Different types of hats have made their way into art over the years. Here are just a few examples of hat history in art:

  • Peter Paul Rubens’ Portrait of Susanna Lunden (Le Chapeau de Paille) painted in the early 1620s shows a woman wearing a shaped wide-brim beaver-felt hat decorated with feathers.
  • Rene Magritte’s Le Mois Des Vendanges (The Time of Harvest) from 1959 depicts men wearing the bowler or derby hat, highlighting the hat’s iconic status in relation to the Modern Age.
  • Edgar Degas’ Portraits at the Stock Exchange from 1879 features men in top hats and frock coats as the mode in men’s fashion into the Romantic Era.
  • Walker Evans’ Subway Passengers, New York City, a photograph taken between 1938-41, shows a couple: the woman wears a fashionable beret, while the man sports a cocked fedora.

Let’s take a closer look at the stories behind our favorite hat styles.

A Glimpse at the Past: Specific Hats


The term “fedora” came from the title of a play from 1882. Like some of the other hats on our list, this hat was first a fashion item for women. Soon enough, the fedora was worn by both men and women after Edward, Prince of Wales sported one in public in 1924. Singer Frank Sinatra was also instrumental in cementing the fedora into pop culture.

Women's Brixton Fedoras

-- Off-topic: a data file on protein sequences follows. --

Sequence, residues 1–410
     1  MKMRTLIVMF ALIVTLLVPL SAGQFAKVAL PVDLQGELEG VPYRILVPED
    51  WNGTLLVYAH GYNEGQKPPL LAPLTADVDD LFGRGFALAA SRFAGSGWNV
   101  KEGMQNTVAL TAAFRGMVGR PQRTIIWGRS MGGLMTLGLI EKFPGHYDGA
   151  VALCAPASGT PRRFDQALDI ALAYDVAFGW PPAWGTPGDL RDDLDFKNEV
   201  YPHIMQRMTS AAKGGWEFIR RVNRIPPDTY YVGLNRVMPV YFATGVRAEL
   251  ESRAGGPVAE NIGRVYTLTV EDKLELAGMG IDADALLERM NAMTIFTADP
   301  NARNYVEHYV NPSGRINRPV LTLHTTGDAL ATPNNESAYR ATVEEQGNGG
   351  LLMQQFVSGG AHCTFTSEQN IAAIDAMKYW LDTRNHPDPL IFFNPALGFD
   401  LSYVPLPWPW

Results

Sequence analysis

George du Maurier's novel Trilby became a stage play in 1895, and featured a trilby hat. That’s when this hat style became a mainstay in hat culture, but it wasn’t until the 1960s that the hat was popularized. The well-known movie character James Bond brought great fame and attention to this humble hat, making it an elegant and distinctive headwear choice for men and women alike.

Women's Brixton Berets


The beret goes as far back as Ancient Greece, where it was considered and used as military headgear. The modern origins of this iconic hat, however, can be traced back to the people living near the Pyrenees Mountains between France and Spain. The Scots soon picked up the hat design as an iconic hat for men, and the rest is history.

Pork Pie Hat

Pork Pie

The pork pie hat was worn among both men and women in the mid-19th century. This hat style enjoyed moderate fame up until the 1920s, when comedian and actor Buster Keaton took his homemade pork pie onto the screen and made it into one of the iconic hats of the 1930s and 1940s. More recently, the pork pie hat resurfaced in the AMC television series Breaking Bad.